Pain is the first and most significant symptom of oral cancer, with patients experiencing serious pain even if their tumors are quite small. In response to this, researcher Shivani Ruparel from the UT Health Science Center San Antonio was awarded a $144,000 grant from the American Cancer Society to assess the phenomenon of oral cancer pain. This grant is one of 100 dedicated to national research and training that represent over $45.6 million invested by the ACS this year alone.
“Pain is the very first and top symptom among 70 percent to 80 percent of oral cancer patients,” explained Dr. Ruparel, who is an assistant professor in the Department of Endodontics, which is part of the School of Dentistry. Thanks to her research project, Dr. Ruparel believes she can find an approach to block pain at the specific location of the tumor.
“Current treatments for oral cancer pain are not very effective and there are problems with side effects. What is worse is that oral cancer patients become tolerant to the dosage of the current pain medications very quickly, and therefore, require a lot more of it to achieve relief,” she added.
To improve treatments for oral cancer pain, Dr. Ruparel explained that “It is crucial to understand how oral cancer produces pain.” Her research focuses on studying cancer pain mechanisms in order to develop novel treatment options.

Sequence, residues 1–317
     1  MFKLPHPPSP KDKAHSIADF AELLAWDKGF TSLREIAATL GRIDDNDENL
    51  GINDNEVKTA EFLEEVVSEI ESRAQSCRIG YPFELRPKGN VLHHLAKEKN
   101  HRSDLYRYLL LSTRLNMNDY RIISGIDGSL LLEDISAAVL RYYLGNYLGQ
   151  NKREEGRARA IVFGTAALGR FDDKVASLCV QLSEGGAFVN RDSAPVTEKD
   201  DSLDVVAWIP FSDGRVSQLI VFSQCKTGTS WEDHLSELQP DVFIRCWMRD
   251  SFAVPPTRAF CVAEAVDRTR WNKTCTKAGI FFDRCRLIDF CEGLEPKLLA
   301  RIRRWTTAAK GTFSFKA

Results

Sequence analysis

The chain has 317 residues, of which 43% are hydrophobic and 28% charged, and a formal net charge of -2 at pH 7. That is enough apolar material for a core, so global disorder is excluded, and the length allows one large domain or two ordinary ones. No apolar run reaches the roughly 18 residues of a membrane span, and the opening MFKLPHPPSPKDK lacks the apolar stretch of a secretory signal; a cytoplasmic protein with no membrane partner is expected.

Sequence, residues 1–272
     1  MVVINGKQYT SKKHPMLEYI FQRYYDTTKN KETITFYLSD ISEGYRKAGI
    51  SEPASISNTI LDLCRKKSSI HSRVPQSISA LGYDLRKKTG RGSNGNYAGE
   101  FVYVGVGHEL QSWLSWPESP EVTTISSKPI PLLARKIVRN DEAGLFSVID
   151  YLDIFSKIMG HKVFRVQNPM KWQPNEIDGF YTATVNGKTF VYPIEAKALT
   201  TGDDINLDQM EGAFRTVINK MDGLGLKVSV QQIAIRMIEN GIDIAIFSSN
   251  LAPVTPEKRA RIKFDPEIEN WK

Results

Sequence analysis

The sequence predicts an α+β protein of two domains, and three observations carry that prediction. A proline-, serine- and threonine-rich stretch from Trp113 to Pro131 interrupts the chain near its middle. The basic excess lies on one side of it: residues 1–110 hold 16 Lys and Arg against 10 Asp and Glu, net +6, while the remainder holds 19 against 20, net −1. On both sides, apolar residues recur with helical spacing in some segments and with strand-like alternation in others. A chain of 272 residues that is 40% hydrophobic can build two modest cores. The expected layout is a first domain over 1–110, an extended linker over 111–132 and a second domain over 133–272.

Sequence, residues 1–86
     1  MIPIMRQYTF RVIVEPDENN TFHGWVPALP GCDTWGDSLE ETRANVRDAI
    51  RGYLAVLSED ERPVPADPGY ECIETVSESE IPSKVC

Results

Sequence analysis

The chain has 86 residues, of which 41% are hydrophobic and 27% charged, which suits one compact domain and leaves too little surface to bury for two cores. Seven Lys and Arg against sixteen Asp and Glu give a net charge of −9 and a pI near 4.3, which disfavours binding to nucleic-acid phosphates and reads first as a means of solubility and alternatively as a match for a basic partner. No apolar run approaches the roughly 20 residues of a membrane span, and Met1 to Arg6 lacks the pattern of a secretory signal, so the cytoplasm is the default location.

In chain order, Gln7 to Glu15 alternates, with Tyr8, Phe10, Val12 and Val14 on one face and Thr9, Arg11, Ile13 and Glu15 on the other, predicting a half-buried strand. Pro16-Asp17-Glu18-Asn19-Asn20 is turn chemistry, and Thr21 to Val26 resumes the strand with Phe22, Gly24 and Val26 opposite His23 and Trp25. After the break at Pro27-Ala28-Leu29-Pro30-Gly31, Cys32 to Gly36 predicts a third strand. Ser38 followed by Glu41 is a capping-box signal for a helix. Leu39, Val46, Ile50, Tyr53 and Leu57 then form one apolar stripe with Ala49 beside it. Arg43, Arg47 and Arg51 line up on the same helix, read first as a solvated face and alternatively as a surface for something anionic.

In previous research projects, Ruparel proved that oral cancer tumors free specific fat molecules that serve as messengers to communicate pain to the brain. After their release, they go through a pain-sensing channel in the surrounding nerves. After being received, the message is transmitted thanks to the nervous system sending messages to the brain.
Ruparel and her team will assess the production mechanism of these fat molecules that result from human oral cancer cells and will test new FDA-approved drugs that might inhibit such process so that pain is minimized.
“The goal is to develop analgesics that are equally or more effective than current medications but with much fewer side effects, to significantly improve the quality of life for oral cancer patients,” explained Ruparel. A rodent model will be used and, if successful, human trials will be prepared as well.
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